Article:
Wireless microphones are immediately associated with the world of journalism, film, and television. Here, we'll take a look at the other end of the system: the receiver. With standard wireless systems, the receiver simply needs to be plugged into a power socket, but this gets less convenient when capturing sound on location. The receiver as well as the transmitter of wireless camera systems are battery powered, or rechargeable, making them ideal for recording audio outdoors. The audio ports of these systems are often also different. Most consumer cameras will have a mini-jack input, while wireless camera microphones are connected to professional cameras via XLR ports.
Smartphone & Computer Wireless USB Microphones
These days, you can get both normal USB microphones and wireless USB microphones. These are extremely popular among vloggers, since they can be directly hooked up to a smartphone to produce YouTube or TikTok content with good sound and without any cables. This kind of system usually operates over the license-free 2.4GHz frequency band, and most systems will include a rechargeable or USB powered receiver.
Bluetooth Microphones & Wireless Karaoke Microphones
Like wireless headphones, some wireless USB microphones are coupled via Bluetooth rather than the usual frequency modulation. As well as vlogging and other applications, Bluetooth microphones are commonly used for things like karaoke systems. But because of the limited range and variation in possible latency (slight signal delay) of different Bluetooth codecs, it's not recommended to use Bluetooth microphones for more professional setups.
Frequency Asked Questions About Wireless Microphones
How do wireless microphones work?
A wireless microphone system is made up of a separate transmitter that sends a signal to a receiver. The transmitter could be integrated into the body of a handheld microphone or a headset, or it could be a bodypack transmitter that you can then plug a clip-on microphone or headset microphone into. Just like a radio, the sound captured by the microphone is sent through the air via frequency modulation and is then picked up by the receiver.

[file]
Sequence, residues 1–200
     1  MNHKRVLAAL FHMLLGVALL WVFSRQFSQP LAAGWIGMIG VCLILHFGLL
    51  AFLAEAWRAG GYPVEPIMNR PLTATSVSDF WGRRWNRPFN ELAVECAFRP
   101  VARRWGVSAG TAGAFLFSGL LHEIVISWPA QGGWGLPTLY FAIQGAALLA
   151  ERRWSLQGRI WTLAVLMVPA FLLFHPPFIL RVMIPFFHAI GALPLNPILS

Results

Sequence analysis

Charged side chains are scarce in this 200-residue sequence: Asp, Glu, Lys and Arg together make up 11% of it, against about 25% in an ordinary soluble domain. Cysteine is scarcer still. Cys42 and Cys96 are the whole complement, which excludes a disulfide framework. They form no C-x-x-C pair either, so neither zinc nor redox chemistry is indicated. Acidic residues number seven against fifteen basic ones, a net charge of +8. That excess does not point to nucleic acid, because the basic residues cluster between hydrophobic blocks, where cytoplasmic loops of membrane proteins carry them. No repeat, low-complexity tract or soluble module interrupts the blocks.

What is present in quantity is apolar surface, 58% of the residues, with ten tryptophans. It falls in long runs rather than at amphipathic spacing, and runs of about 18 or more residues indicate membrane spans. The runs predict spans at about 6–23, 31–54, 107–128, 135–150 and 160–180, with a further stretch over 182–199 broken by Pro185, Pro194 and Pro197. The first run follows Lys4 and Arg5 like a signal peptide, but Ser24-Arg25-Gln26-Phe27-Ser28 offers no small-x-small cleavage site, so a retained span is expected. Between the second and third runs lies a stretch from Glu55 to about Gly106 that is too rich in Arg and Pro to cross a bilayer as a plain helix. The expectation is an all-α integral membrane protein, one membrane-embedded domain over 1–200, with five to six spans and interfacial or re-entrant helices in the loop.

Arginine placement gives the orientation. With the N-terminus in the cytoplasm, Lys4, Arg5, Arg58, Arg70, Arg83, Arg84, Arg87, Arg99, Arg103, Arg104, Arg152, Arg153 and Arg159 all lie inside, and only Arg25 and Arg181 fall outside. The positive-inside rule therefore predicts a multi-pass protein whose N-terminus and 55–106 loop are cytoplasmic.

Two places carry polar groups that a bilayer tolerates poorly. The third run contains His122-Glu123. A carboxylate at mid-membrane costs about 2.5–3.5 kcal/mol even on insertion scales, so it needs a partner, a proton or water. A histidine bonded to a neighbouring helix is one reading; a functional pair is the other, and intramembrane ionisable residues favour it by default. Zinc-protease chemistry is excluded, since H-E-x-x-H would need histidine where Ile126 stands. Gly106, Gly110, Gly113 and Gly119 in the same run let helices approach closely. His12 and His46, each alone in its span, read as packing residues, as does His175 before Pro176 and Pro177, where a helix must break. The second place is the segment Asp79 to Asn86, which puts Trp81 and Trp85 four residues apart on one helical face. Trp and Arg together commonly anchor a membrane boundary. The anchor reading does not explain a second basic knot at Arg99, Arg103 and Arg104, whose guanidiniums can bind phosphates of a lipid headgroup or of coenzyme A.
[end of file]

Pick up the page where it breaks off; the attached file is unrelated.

What's the best wireless vocal microphone for me?
If you're a solo artist or sing in a band, then a wireless handheld microphone is probably the best choice. If you have a really critical ear when it comes to your stage sound, then it's worth going for a wireless microphone system with a replaceable microphone capsule. If you move around a lot while singing, whether playing an instrument or performing in musical theatre, then a wireless headset system is probably a better idea.
Which wireless microphone system should I pick?
When picking out a wireless microphone system, it's wise to take note of the transmitter model as well as the receiver model. There are two kinds of transmitter: handheld transmitters (integrated into the body of a vocal microphone), and bodypack transmitters (that you can plug a microphone into). If the system is going to be used for performances and presentations, then you'll need a mains-powered receiver, while stage actors and vloggers will probably prefer a rechargeable or battery-powered receiver.
Which frequency should my wireless microphone system use?
The receiver and transmitter of most wireless microphone systems are coupled via frequency modulation, like a radio. But not all frequencies can be used, since some frequency bands are used for specific things, like mobile phones, and to use other specific frequency bands, a license may be required. Make sure to check the frequency band of a system and make sure that it can be used in your region. You can find more information about wireless microphones and frequencies here.
How do you connect up a wireless microphone system?
The transmitter sends a signal to the receiver without the need for a cable, but the receiver always needs to plugged into a mixer, audio interface, or recorder. Most receivers will come fitted with an XLR output, so you can use a standard microphone cable to connect the receiver to the microphone input of your equipment.